Saturday, April 16, 2005


A Dandy Afternoon, Isn't It?

Teddy Jamieson of The Herald of Glasgow interviews Robert Elms about his new memoir/history of dandyism The Way We Wore:

"I think that the tribalism and dandyism of British youth are gone," argues Elms. "Think about that litany of British youth culture that went from Teddy Boy via mod, skinhead, punk, new romantic. There hasn't been one for 20 years or more really, so I think some of it might have finished."

Maybe, he says, it's because we are a more consumerist culture these days. We buy more and, more importantly, there's more to buy. "When we were growing up we only had clothes and records. Clothes were how you showed you knew what to wear and what to do and how you got your status."

That's no longer the case. But the dandy hasn't totally disappeared. A few weeks back Elms went for breakfast with Outkast's Andre 3000, rapper, actor and as Elms himself says "a fantastically well-dressed man".

The one time I met Elms he was also a sharp dressed man indeed; I, on the other hand, had been traveling with backpack full of old books and not enough changes of clothing. Fortunately, listeners couldn't see us. Come to think of it, it seems a bit ironic that such a good dresser hosts a radio show.

One of my favorite new acquisitions, John Timbs's 1875 compendium English Eccentrics and Eccentricities -- with hand-colored plates! -- almost immediately delves into dandyism with an account of the immortal Beau Brummel. Timbs notes that aside from being a famously snappy dresser, Brummel could also be a sly little bastard:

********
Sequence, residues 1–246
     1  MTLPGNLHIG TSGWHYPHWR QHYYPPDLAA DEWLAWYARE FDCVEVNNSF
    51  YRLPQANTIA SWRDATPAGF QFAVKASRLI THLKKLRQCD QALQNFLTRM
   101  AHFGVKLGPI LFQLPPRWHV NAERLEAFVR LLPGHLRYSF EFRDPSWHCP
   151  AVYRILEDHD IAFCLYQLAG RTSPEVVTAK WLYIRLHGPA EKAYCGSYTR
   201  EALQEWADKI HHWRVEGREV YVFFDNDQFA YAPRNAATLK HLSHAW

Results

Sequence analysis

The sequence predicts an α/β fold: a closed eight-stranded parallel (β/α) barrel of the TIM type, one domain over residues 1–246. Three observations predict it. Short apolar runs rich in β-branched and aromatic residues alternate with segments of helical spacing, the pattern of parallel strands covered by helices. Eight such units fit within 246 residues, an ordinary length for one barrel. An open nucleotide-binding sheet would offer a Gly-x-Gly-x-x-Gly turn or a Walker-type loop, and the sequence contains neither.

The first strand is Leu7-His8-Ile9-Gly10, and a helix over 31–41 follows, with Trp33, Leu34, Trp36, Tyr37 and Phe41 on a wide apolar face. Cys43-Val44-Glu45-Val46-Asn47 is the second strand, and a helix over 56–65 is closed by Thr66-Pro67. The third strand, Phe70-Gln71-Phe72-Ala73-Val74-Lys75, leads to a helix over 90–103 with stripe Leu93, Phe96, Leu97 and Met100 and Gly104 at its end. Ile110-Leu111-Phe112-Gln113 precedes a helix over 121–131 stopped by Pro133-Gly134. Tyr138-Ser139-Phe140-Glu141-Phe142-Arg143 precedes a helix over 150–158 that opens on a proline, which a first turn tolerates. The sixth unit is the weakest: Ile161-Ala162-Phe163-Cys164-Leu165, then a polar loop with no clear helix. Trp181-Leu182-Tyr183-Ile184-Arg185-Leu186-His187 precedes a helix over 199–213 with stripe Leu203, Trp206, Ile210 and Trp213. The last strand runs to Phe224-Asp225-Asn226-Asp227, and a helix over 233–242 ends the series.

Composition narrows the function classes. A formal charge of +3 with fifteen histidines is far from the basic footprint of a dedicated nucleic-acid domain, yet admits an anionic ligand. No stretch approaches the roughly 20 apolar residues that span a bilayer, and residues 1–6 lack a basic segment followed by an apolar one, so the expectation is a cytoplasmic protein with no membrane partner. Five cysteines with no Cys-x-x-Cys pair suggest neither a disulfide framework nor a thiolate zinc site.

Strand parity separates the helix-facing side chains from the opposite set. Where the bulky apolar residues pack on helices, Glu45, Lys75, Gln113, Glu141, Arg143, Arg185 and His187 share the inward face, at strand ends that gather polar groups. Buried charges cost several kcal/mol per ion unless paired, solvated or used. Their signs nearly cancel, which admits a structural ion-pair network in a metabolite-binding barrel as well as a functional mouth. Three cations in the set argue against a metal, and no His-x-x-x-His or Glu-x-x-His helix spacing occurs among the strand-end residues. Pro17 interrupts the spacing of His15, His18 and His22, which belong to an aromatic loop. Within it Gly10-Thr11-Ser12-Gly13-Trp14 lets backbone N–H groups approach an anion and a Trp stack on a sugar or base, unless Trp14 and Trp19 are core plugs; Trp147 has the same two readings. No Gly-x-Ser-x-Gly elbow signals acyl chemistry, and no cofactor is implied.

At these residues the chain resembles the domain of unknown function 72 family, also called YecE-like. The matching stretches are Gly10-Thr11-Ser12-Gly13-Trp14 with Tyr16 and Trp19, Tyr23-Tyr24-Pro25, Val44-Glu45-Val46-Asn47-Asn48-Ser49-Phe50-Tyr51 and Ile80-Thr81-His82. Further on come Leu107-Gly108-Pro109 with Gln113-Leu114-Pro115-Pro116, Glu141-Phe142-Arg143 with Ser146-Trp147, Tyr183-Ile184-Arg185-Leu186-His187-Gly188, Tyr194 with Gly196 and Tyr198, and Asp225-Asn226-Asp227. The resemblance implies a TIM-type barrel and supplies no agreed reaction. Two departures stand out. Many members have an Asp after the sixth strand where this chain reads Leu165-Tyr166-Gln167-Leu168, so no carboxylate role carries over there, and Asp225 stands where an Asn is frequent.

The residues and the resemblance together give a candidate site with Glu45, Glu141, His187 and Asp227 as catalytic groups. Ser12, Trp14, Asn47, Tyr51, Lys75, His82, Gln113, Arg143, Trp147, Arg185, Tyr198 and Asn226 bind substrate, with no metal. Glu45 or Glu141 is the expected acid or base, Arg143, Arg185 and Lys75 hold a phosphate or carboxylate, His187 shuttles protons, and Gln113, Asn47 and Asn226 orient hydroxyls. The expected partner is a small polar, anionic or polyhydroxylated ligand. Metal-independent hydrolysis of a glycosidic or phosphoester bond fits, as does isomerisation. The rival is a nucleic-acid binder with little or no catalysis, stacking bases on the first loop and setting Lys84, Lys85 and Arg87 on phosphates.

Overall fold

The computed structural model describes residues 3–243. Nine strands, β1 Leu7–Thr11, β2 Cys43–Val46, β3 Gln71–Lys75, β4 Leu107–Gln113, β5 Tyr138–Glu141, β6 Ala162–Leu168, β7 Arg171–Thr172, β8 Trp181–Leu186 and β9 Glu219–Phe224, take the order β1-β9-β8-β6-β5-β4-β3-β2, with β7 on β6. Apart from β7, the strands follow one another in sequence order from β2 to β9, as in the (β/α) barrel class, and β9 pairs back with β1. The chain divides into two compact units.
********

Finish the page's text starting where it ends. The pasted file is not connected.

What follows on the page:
Brummel was addicted to practical jokes, one of which may be related. The victim was an old French emigrant, whom he had met on a visit to Woburn or Chatworth, and into whose hair-pouch he managed to introduce some finely powdered sugar. Next morning the poor Marquis, quite unconcious of his head being so well-sweetened, joined the breakfast table as usual; but scarcely had he made his bow and plunged his knife into the Perigord pie before him, than the flies began to desert the walls and windows to settle upon his head. The weather was exceedingly hot; the flies of course were numerous, and even the honeycomb and the marmalade upon the table seemed to have lost all atraction for them.... the buzzing grew louder and louder every moment. Matters grew worse when the sugar, melting, poured down the Frenchman's brow...

Inevitably, this ends with the Marquis running out of the dining hall pursued by an immense swarm of crazed bugs, and the hoots of his fellow diners. And I suppose this might not be the first time that trick was pulled in that household -- Beau's grandfather, after all, was a pastry chef.

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